Episode Reviewed: The
Toy Man (505)
(Out of 5 cones):
Washington and family think about making a radical lifestyle change
and have to consider the sacrifices that they'll have to make.
Sacrifice; making tough
inspired when I play with them [toys], not when I have to consider 80 pages
of research before I come up with an idea. Maybe I am a dinosaur.
title alone had its problems. I wasn't too keen on the fact that we'd be
listening to an episode about toys, but that really couldn't be helped since
the episode had already finished production.
episode started out okay enough, but when Ed Washington walked into Whit's
End as a well-known man to the characters and a to-be-learned-about to the
listeners, I knew we were headed for trouble. Just as Wooton
was introduced, so the Washington family was as well. In Welcoming
Wooton, the writer of the
episode assumed that we knew who Wooton was, assuming that we'd be alright
with his being allowed to watch the shop for a few hours. I wasn't alright
with it. I was angry. I wanted to smack my junk tape against my dresser! Now
Toy Man, Ed Washington (and others
in his family) were introduced, Whit placed the responsibility of Whit's End
on his shoulders, and proceeded to walk away. That makes me mad. That makes
me want to smack my junk tape against my dresser! I'm the kind of fan who
must get to know a character before he or she is allowed to handle kids at
Whit's End. And Wooton and Ed aren't ready. On the other hand, Connie and
Eugene were both working at Whit's End in their first episodes, however, it
was different with them. Whit and anyone else in Odyssey didn't know either
of them. That way when he did hire them, he would be getting to know them
along with the listeners. Now that's how I prefer it to be.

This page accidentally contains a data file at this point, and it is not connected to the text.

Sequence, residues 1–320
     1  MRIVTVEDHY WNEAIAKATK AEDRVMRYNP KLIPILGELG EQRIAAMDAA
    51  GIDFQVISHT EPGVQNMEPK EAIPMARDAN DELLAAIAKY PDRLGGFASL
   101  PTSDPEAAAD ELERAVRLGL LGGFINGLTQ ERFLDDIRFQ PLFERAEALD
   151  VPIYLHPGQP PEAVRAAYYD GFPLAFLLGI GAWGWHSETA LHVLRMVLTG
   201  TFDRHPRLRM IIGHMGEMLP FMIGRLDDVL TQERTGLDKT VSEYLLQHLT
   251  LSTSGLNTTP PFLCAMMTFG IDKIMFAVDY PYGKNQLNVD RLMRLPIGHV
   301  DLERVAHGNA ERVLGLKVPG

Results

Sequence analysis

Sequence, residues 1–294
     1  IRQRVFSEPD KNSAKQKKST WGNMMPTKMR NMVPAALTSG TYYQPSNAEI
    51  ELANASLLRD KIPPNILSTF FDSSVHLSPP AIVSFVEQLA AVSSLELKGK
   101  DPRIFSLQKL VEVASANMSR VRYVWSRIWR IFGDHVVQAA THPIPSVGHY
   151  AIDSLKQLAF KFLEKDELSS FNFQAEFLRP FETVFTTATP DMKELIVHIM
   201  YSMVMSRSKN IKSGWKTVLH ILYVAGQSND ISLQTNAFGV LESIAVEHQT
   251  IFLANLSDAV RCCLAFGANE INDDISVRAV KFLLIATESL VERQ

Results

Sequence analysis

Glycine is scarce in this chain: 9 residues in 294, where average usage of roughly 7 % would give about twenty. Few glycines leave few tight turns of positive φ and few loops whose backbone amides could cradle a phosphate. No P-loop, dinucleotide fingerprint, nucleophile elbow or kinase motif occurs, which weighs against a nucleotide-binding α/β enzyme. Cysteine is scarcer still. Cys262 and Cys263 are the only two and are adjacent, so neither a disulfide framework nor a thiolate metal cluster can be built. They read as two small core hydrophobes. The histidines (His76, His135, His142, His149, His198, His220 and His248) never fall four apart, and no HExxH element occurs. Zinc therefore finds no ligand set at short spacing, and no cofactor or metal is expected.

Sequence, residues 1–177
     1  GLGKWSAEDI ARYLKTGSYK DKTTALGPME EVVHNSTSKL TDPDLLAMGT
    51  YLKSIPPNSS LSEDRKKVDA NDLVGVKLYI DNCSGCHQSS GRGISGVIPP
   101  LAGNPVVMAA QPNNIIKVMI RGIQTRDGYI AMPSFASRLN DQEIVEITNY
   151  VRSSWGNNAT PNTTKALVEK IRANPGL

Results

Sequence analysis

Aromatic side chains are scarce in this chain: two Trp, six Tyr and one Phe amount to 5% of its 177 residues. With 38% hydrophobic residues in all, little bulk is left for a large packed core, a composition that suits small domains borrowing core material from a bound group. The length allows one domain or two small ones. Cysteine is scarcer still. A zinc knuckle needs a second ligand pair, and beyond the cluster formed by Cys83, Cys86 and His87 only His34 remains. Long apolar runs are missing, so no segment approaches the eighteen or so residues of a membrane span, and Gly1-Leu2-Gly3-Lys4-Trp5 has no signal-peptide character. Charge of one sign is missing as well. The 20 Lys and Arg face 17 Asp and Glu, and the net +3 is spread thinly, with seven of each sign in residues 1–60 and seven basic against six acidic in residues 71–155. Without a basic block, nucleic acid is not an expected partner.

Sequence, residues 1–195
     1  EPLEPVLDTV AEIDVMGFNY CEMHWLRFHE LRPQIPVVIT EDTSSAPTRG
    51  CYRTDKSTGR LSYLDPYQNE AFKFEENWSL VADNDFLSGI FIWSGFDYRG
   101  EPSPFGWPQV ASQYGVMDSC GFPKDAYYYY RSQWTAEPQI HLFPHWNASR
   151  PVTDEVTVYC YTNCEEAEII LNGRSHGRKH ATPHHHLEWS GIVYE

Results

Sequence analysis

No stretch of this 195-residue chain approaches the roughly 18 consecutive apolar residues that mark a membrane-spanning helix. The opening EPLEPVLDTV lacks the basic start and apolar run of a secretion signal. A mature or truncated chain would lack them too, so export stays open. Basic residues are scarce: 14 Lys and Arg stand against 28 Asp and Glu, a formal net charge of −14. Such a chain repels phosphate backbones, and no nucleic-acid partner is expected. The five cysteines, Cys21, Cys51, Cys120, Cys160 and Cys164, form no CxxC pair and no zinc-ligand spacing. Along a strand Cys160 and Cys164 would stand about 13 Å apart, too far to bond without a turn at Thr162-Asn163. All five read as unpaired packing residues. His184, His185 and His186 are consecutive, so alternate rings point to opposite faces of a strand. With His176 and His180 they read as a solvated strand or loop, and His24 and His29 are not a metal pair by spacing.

first time I heard this episode my concentration level wasn't staying at the
proper level. The storyline just wasn't capturing me and I was disappointed
with the show overall. Yet now that I've had time to "cool off,"
the episode has grown on me a little bit. Just a little bit though. I still
don't like this episode as much as I'd like to.
okay with the introducing of new characters, but when AIO introduces an
entire family and doesn't exactly tell us anything about them, I get mad. I
couldn't even begin to start naming all the kids in the Washington family if
I wanted to. With the Barclays, I knew them all after one episode. I've
listened to The
Toy Man more than several times now and I'm still not grasping the
family members' names. Also I wasn't pleased with the actors in the family
to begin with, so that decreased the desire to know their names. Maybe
they'll grow on me? In order to do that, Marvin's actor will have to start
acting better and the kids will have to be more down-to-earth.
didn't really like the "toy" aspect to the episode to begin with,
and I certainly began losing interest when Ed Washington showed his
inventions to the kids at Whit's End. All those electronic noises got on my
nerves. In real life, most toys don't sound like that. Most toys are quiet
and don't require batteries. I think that they overdid the electronic nature
of the toys. What ever happened to girls playing with dolls and boys playing
with G.I. Joe's? However, I did like the whole theme of parents and children
doing things together.
into the technical jargon, I thought the sound design was very well done.
Just take away about 5-10 electronic sound effects and I'd be more content.
The acting was pretty good between Ed and Elaine Washington, Whit and Ed,
and Ed and his employees. Music was average.
I sound like I was complaining too much? The
Toy Man hasn't really made it to my top 100 list.
my favorite, but I'll clap for its good moral. That's all that really
matters now, right? I give The Toy Man
2 and 1/2 cones out of 5.
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